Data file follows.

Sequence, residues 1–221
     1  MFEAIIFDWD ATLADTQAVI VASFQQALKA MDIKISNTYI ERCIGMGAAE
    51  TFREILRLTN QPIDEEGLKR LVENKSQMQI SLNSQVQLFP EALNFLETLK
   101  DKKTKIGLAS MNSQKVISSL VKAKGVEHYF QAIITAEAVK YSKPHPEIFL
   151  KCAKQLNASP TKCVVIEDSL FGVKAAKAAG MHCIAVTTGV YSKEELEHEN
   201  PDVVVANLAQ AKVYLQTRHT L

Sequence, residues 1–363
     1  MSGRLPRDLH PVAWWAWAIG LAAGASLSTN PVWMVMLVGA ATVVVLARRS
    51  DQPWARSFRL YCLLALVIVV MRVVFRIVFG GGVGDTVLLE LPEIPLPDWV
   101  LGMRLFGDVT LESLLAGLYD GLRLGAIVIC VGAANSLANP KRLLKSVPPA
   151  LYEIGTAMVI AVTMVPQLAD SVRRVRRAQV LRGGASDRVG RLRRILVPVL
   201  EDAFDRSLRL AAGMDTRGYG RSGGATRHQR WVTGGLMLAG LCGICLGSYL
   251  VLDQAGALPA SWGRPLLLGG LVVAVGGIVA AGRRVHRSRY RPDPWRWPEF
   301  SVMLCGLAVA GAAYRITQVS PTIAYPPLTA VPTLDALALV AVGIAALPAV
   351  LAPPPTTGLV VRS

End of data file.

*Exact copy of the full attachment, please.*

Sequence, residues 1–221
     1  MFEAIIFDWD ATLADTQAVI VASFQQALKA MDIKISNTYI ERCIGMGAAE
    51  TFREILRLTN QPIDEEGLKR LVENKSQMQI SLNSQVQLFP EALNFLETLK
   101  DKKTKIGLAS MNSQKVISSL VKAKGVEHYF QAIITAEAVK YSKPHPEIFL
   151  KCAKQLNASP TKCVVIEDSL FGVKAAKAAG MHCIAVTTGV YSKEELEHEN
   201  PDVVVANLAQ AKVYLQTRHT L

Sequence, residues 1–363
     1  MSGRLPRDLH PVAWWAWAIG LAAGASLSTN PVWMVMLVGA ATVVVLARRS
    51  DQPWARSFRL YCLLALVIVV MRVVFRIVFG GGVGDTVLLE LPEIPLPDWV
   101  LGMRLFGDVT LESLLAGLYD GLRLGAIVIC VGAANSLANP KRLLKSVPPA
   151  LYEIGTAMVI AVTMVPQLAD SVRRVRRAQV LRGGASDRVG RLRRILVPVL
   201  EDAFDRSLRL AAGMDTRGYG RSGGATRHQR WVTGGLMLAG LCGICLGSYL
   251  VLDQAGALPA SWGRPLLLGG LVVAVGGIVA AGRRVHRSRY RPDPWRWPEF
   301  SVMLCGLAVA GAAYRITQVS PTIAYPPLTA VPTLDALALV AVGIAALPAV
   351  LAPPPTTGLV VRS